To go to chapter 1 of the novel click here: Chapter 1
(Author’s note: This chapter has multiple pages. Please click the number at the bottom to continue reading the next page)
It was a bright, clear day in late October when Owen sprinted out of his house at 7 am. He had donned his Under Armor shorts, T-shirt and Brooks Adrenaline sneakers — attire fit for a serious runner. He did his regular pre-run warm up — a few lunges, bending each knee and grabbing the foot one at a time by the ankle, before he crossed the street to run on a sidewalk in the direction of the traffic. A full day lay ahead of him with four new patients to see. New patients meant more time spent in getting their history of prior ailments and family background. The visit to Michigan to meet his long time friend Ashley for Thanksgiving was also on his mind.
A block away, a garbage truck was collecting trash. Today was trash collecting day. As the truck came down the street, he could hear the thumps of the mechanical arm as it periodically stopped in front of a house and unloaded the trash in a collector, disturbing the otherwise quiet neighborhood. An elderly Indian couple, in their early to mid seventies, walked slowly with hands intertwined, as if to support each other. He waved at them and they reciprocated with a smile. Two houses down, workers from a lawn service company were taking the equipment out of their truck. The truck was blocking the driveway and he had to run around.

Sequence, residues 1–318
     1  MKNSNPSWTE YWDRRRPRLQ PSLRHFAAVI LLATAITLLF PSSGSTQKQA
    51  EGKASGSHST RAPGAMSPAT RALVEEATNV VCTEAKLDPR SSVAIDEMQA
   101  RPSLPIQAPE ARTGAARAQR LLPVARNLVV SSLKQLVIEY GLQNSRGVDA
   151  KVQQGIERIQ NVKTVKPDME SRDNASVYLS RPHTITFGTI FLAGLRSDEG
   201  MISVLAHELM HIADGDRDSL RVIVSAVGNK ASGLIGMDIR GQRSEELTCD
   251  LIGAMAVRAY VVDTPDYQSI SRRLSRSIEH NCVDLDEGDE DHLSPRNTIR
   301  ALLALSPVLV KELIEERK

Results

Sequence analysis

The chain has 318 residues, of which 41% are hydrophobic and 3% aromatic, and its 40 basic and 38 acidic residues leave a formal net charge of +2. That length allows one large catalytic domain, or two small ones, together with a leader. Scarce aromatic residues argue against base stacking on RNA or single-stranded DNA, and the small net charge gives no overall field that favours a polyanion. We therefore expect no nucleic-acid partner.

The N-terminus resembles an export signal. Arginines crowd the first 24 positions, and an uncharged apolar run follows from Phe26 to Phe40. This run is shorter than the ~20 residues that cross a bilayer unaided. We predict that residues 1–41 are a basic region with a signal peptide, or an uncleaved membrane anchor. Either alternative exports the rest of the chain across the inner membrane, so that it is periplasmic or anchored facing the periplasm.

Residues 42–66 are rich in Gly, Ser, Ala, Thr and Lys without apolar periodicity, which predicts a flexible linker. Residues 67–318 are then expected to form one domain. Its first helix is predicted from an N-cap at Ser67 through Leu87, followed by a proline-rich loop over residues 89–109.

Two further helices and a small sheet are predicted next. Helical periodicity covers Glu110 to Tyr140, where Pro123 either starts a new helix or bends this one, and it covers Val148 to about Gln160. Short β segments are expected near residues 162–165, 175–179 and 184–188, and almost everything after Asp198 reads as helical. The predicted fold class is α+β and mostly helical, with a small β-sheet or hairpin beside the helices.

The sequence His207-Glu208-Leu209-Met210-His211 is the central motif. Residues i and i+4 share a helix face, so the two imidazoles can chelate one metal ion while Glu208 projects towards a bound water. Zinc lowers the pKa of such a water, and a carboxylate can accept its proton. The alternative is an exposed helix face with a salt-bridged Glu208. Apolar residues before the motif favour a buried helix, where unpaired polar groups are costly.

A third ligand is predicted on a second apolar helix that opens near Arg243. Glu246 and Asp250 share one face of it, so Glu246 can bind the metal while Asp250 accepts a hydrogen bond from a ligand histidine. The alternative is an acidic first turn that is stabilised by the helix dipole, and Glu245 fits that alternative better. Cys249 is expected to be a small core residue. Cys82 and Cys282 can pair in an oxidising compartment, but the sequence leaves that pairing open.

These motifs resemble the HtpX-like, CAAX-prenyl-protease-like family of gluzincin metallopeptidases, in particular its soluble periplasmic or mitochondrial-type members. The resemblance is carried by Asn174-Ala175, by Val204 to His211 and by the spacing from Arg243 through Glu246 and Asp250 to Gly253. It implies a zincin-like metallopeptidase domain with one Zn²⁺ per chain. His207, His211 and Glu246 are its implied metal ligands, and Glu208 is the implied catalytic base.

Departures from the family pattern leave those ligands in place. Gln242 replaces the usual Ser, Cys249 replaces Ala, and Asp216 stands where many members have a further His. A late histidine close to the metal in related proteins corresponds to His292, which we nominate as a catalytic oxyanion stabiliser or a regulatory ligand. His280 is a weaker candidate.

A mile further down the street, at a T intersection, he stopped and looked both ways for any approaching cars, then crossed the street and turned left, following his normal route. Owen waved to his neighbor Ted, who was walking his dog Dusti, a German shepherd. Ted was talking to someone on his phone. Owen had picked up his speed and was fifty feet ahead of Ted when he felt a gust of wind as something passed to his left. It wasn’t another person, or a bicyclist but a brown object. He turned and saw Dusti get away from Ted — his leash dangling behind him, and chase a squirrel that ran across to the opposite side of the street. Dusti disappeared in the bushes in the back of a brick colonial house.
Upon realizing what had happened Ted increased his pace to go after Dusti. As he crossed the street, he saw a car whizz past getting very close to Owen. Then it sped away. Ted heard a noise like a boxer hitting a punching bag. As he swept the bushes away he noticed Owen flat on his back on the lawn — Dusti standing at the far end of the lawn, staring up a tree. There were no visible signs of scratches or bleeding, but Owen wasn’t moving. Ted called 911 from his cell, and then he called Agnes.
“What?” Agnes shouted. “Where? What happened?”
Ted told her where he was and said she should come there immediately.